British Prime Minister Boris Johnson played down the prospects of getting India’s Prime Minister Narendra Modi to take a harsher stance on Ukraine, during the first leg of a two-day visit to the country intended to accelerate a post-Brexit trade deal.

Speaking to reporters, Johnson said he had raised Russia’s invasion of Ukraine during his visit, but that India and Russia “have historically had a very different relationship than Russia and the UK” and that his government “have to reflect that reality” in their approach.

“India and Russia have historically had a very different relationship than Russia and the UK have had over the last couple of decades. We have to reflect that reality, but clearly, I’ll be talking [about Ukraine] to Narendra Modi,” Johnson said, while also applauding Modi’s government for its condemnation of “the atrocities in Bucha.”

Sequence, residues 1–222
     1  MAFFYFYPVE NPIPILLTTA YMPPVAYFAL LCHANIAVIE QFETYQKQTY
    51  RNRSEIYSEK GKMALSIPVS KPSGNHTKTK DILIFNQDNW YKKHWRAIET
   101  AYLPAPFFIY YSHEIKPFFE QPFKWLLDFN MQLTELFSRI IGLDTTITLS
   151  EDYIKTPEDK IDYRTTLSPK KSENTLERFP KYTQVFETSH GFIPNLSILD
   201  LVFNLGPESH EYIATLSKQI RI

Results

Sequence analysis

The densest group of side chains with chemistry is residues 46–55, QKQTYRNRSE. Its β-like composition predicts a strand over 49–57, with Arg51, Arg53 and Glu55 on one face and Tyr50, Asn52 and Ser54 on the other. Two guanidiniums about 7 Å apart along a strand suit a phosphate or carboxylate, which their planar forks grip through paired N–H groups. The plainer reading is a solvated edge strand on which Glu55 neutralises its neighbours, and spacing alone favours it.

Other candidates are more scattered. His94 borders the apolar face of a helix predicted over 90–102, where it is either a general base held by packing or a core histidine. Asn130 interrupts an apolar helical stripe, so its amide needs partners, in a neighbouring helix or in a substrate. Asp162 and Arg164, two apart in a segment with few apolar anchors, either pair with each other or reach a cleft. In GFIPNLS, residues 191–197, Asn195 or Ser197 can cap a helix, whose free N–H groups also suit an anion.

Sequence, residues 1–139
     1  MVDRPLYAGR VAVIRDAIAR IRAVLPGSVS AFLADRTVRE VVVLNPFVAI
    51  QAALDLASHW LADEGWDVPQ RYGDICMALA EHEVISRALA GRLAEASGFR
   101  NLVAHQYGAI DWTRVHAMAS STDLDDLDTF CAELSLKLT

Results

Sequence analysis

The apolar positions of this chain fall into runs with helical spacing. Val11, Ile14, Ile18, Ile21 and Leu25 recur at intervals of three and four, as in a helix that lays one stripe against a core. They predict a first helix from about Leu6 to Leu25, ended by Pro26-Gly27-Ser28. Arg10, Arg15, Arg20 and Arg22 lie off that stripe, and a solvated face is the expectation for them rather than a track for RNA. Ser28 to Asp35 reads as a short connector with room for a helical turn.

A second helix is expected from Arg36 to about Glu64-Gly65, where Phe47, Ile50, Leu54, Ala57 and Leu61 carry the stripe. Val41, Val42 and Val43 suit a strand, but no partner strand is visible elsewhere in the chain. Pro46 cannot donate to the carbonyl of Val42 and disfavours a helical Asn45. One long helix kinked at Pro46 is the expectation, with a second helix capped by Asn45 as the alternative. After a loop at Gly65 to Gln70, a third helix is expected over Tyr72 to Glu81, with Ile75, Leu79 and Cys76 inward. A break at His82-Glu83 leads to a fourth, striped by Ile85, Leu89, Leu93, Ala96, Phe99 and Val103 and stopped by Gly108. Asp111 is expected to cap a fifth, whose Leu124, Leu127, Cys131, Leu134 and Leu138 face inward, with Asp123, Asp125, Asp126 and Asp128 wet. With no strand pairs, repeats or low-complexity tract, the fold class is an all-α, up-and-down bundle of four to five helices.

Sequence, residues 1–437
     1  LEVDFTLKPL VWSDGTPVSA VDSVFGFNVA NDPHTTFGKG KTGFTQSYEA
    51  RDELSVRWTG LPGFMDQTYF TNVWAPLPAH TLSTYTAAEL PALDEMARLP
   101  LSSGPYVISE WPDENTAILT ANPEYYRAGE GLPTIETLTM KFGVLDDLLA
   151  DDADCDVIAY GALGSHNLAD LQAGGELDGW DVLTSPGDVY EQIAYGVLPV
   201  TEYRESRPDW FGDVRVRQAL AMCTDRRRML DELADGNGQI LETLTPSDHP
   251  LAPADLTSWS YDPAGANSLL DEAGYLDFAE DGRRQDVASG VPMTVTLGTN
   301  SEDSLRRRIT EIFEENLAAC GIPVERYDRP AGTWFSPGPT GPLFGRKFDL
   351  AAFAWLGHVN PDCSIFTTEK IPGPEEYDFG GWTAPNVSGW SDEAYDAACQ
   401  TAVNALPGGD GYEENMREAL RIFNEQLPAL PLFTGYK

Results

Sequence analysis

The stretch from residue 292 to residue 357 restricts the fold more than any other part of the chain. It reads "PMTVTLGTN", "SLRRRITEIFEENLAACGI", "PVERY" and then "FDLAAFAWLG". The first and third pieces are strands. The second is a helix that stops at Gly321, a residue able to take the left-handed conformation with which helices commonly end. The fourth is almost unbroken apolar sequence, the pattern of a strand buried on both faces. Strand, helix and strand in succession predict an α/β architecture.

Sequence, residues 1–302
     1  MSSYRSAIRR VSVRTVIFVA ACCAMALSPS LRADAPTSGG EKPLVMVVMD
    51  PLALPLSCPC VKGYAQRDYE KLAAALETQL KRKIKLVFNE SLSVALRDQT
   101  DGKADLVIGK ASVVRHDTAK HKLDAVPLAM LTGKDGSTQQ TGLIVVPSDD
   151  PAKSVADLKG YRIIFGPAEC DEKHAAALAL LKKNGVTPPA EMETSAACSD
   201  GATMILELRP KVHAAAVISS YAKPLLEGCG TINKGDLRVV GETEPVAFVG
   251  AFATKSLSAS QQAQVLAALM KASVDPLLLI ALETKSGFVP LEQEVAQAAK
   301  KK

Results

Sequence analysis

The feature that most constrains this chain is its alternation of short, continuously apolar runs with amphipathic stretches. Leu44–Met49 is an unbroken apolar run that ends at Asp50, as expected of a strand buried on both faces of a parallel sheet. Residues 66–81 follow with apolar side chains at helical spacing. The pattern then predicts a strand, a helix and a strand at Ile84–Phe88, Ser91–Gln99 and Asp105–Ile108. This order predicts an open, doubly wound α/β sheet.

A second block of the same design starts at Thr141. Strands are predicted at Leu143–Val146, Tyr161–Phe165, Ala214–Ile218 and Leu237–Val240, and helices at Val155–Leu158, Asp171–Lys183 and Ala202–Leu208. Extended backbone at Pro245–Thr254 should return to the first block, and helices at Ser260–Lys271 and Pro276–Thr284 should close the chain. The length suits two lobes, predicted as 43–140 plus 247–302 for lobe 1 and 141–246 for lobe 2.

India has been an international outlier on Ukraine, abstaining from various UN resolutions condemning Russian President Vladimir Putin’s invasion while also continuing to make significant purchases of Russian oil.

The government’s stance shifted earlier this month though, after images of mass civilian graves in the town of Bucha led India’s representative to the UN to “unequivocally condemn” the killings and call for an “open investigation” without naming Russia.

Previous statements issued by the Indian government have repeatedly fallen short of condemning Russia’s aggression, instead calling for a “cessation of violence” and focussing on “diplomacy and dialogue.”